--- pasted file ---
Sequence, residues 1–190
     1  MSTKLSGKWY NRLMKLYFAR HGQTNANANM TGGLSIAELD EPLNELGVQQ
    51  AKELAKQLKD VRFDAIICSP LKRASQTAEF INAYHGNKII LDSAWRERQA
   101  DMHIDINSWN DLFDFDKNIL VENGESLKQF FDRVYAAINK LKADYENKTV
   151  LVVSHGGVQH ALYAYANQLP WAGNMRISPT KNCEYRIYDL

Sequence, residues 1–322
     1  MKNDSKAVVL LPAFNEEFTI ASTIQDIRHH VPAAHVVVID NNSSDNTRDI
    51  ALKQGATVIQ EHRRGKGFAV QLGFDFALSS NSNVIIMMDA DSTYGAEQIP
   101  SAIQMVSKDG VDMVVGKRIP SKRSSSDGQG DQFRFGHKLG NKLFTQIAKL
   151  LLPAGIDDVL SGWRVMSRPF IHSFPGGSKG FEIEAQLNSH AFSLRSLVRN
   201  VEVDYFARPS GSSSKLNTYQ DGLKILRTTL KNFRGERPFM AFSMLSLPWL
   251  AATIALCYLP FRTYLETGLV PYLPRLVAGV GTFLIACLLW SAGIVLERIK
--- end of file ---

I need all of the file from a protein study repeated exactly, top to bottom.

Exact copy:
Sequence, residues 1–190
     1  MSTKLSGKWY NRLMKLYFAR HGQTNANANM TGGLSIAELD EPLNELGVQQ
    51  AKELAKQLKD VRFDAIICSP LKRASQTAEF INAYHGNKII LDSAWRERQA
   101  DMHIDINSWN DLFDFDKNIL VENGESLKQF FDRVYAAINK LKADYENKTV
   151  LVVSHGGVQH ALYAYANQLP WAGNMRISPT KNCEYRIYDL

Sequence, residues 1–322
     1  MKNDSKAVVL LPAFNEEFTI ASTIQDIRHH VPAAHVVVID NNSSDNTRDI
    51  ALKQGATVIQ EHRRGKGFAV QLGFDFALSS NSNVIIMMDA DSTYGAEQIP
   101  SAIQMVSKDG VDMVVGKRIP SKRSSSDGQG DQFRFGHKLG NKLFTQIAKL
   151  LLPAGIDDVL SGWRVMSRPF IHSFPGGSKG FEIEAQLNSH AFSLRSLVRN
   201  VEVDYFARPS GSSSKLNTYQ DGLKILRTTL KNFRGERPFM AFSMLSLPWL
   251  AATIALCYLP FRTYLETGLV PYLPRLVAGV GTFLIACLLW SAGIVLERIK